Least-Toxic Control of Apple and Pear Scab Choose a different pests
Pest type: Fungi
Apple and pear scab, while two different diseases (caused by two different fungi), look almost exactly the same and can be controlled with similar measures. Both diseases create spotting and scabbing on fruits, usually during the wet springtime.
The fungus Venturia inaequalis causes apple scab. It most commonly occurs severely in areas where spring and summer are cool and moist. However, it can be a problem wherever apples grow when weather conditions are similar. Apple scab also is a problem on ornamental crabapple. Pear scab, which the fungus V. pirina causes, creates blemishes on pear fruit, effectively killing the fruit. The disease is most prevalent in the North Coast production area. Apple scab cannot affect pears, and vice versa.
Both of these funguses that cause scab can survive winters through infected leaves on the ground, but rainfall or other water sources are necessary for spore release. In the springtime, air currents and splashing water help these spores move from infected leaves to new flowers, leaves or fruit, where the scab can reoccur.
Scab can destroy an apple or pear crop. The flowers and fruit can drop off when infected, or the fruit can become malformed and covered in unsightly scabs, making it unusable. In a small backyard crop, some late-season infections can be tolerated because the fruit can be peeled, removing smaller scabs.
Remove potential habitat
Foster natural resilience
Apple scab management focuses on prevention, rather than ‘curing’ an infected tree in midseason. Spores overwinter on infected leaves beneath the trees, and infect new leaves, flowers, and fruit the following spring. To prevent an outbreak each spring, rake leaves each fall and destroy by burning or composting. Avoid wetting foliage with sprinklers or other irrigation systems. If you are considering replacing or planting new trees, there are several varieties of apple trees being developed that are resistant to scab, including Liberty, Prima, and Priscilla.
You can first notice scab by the yellowing spots on the leaves. As scab gets worse, darker, olive colored spots will form on the leaves and fruit – sometimes even stems. There may be a velvet coating on the underside of some leaves due to fungal growth, and some affected leaves may twist or close in on themselves. Whole leaves may turn yellow and drop off.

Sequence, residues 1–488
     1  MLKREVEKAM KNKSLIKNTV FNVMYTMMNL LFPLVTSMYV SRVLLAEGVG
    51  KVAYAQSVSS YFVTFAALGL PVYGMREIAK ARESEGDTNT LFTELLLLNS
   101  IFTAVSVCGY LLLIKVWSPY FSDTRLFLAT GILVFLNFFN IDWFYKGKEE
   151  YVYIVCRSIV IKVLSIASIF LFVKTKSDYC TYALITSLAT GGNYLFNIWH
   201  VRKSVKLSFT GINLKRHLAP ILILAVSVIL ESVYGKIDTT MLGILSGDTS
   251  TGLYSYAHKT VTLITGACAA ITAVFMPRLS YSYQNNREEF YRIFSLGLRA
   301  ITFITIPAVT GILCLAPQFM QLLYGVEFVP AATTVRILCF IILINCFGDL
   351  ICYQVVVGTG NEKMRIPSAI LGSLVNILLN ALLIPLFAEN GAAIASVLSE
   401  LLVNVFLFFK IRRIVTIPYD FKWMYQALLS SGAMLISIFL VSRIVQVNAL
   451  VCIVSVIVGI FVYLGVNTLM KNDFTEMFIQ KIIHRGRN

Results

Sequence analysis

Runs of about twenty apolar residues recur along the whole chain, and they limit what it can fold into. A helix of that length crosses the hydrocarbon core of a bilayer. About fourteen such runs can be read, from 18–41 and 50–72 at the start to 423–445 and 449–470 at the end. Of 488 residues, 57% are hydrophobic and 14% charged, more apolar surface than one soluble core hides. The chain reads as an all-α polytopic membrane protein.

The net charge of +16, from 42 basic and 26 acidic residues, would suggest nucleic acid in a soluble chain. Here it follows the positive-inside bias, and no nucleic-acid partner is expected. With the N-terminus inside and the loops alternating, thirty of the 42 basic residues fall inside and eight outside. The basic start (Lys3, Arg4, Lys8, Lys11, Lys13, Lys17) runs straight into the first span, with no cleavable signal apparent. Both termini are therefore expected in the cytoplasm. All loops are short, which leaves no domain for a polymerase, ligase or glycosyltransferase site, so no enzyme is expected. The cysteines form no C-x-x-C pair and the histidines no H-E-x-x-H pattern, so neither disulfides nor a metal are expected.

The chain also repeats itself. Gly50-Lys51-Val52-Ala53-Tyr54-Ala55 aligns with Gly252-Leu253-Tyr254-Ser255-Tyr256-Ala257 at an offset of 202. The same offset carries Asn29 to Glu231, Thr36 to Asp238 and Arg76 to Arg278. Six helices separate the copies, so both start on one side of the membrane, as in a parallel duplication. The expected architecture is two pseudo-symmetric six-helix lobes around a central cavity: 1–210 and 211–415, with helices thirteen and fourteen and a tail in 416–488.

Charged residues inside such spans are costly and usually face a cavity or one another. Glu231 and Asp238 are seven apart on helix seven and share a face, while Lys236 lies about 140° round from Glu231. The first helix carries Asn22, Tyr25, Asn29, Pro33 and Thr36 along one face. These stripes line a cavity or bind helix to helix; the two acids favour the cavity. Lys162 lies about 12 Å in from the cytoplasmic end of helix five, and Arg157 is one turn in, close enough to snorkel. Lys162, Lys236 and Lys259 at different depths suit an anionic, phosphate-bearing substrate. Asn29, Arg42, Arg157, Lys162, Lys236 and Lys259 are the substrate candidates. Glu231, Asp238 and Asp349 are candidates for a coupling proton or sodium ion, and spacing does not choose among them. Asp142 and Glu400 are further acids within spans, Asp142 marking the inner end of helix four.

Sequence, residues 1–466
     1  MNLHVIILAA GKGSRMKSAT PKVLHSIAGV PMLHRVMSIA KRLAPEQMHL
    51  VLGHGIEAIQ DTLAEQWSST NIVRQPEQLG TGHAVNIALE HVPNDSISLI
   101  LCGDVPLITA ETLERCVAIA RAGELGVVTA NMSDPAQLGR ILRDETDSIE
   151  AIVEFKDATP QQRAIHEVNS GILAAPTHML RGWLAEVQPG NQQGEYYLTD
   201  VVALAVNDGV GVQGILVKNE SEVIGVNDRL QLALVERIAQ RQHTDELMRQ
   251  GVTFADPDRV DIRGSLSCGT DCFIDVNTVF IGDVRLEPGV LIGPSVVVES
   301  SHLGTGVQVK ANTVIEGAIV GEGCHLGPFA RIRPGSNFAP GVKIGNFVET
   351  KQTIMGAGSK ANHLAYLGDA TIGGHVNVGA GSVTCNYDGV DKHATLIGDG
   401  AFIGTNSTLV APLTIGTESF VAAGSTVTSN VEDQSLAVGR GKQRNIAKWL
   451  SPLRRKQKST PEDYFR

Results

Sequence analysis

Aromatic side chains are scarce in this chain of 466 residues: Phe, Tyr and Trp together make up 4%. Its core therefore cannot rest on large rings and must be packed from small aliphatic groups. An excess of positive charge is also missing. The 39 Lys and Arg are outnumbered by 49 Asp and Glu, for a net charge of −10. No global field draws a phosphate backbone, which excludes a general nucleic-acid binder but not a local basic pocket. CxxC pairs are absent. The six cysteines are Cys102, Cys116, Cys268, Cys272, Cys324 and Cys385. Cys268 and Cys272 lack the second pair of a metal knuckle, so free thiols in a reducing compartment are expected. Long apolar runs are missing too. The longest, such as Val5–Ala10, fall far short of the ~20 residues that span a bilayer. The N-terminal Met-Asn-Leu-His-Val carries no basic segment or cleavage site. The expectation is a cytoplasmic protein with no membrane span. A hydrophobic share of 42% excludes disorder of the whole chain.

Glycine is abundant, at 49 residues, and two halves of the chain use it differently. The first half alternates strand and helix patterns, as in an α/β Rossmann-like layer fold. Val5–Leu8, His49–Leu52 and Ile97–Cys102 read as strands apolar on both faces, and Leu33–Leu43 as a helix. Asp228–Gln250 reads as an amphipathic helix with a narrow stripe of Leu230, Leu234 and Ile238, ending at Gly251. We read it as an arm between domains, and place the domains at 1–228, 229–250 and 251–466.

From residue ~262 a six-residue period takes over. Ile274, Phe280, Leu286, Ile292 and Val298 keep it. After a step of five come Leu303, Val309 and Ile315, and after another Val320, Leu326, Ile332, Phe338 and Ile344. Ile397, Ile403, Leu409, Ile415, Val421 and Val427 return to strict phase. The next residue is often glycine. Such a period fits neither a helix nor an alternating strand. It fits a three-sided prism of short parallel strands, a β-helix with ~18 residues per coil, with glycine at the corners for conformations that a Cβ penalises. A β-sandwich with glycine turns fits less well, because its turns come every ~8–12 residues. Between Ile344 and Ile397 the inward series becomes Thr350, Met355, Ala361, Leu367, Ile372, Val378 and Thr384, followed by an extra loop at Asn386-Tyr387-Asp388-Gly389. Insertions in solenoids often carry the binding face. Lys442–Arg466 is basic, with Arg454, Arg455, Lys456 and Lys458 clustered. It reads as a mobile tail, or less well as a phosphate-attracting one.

If the scab begins to affect the flower stems, the petals may drop. Scabs may appear on the fruit in late season, beginning as greyish lesions with a red ring around them – the lesions may look like velvet or soot. Eventually these lesions can sink into the fruit and become tan-colored. Harsh infections may cause distortion of the fruit and eventual drop-off.
Remove debris and habitat
According to UC IPM:
For a single, backyard tree, removing—then composting or destroying—its dropped leaves in autumn or winter can limit the disease to tolerable levels. In plantings of several trees, additional steps might be necessary to effectively control this disease, especially in cool, moist coastal areas. These include applying zinc and fertilizer-grade urea (or some other nitrogen source) to leaves in autumn to hasten leaf fall and adding lime to leaf piles beneath the tree. In pears, apply urea by itself, because zinc can be phytotoxic.
If you are using sprinklers that wet any of the tree’s foliage, irrigate between sunrise and noon to allow adequate drying time, or reduce the angle of the sprinkler.
Table 1 lists the relative susceptibility of different apple varieties to apple scab. Major breeding efforts for disease resistance are ongoing in New York, where Enterprise, Liberty, Prima, Priscilla, and many newer varieties appear to be resistant to scab. Scab-resistant crabapples also are available.
Biological controls are not an effective means of controlling the apple and pear scab around your home.
According to UC IPM:
Several fungicides are available for controlling apple and pear scab. These include fixed copper, Bordeaux mixtures, copper soaps (copper octanoate), sulfur, and mineral or neem oils. All these products are considered organically acceptable.
Generally copper or Bordeaux sprays should be used only from green tip to full bloom. Later applications increase the risk of fruit russetting, a chemical burning of the fruit skin, although in some years this occurs even if you’ve used these materials only before full bloom. Fixed copper products include Lilly Miller Kop-R-Spray concentrate and Monterey Liqui-Cop. Bordeaux mixture is a combination of copper sulfate and hydrated lime that must be mixed just before application.
You can apply wettable sulfur through bloom and early fruit set. When using sulfur-containing compounds such as wettable sulfur, never apply them within 3 weeks of an oil application or when temperatures are near or higher than 90°F. Bordeaux has a narrower application time frame than other sulfur-containing products, because it contains copper, and shouldn’t be applied after full bloom.
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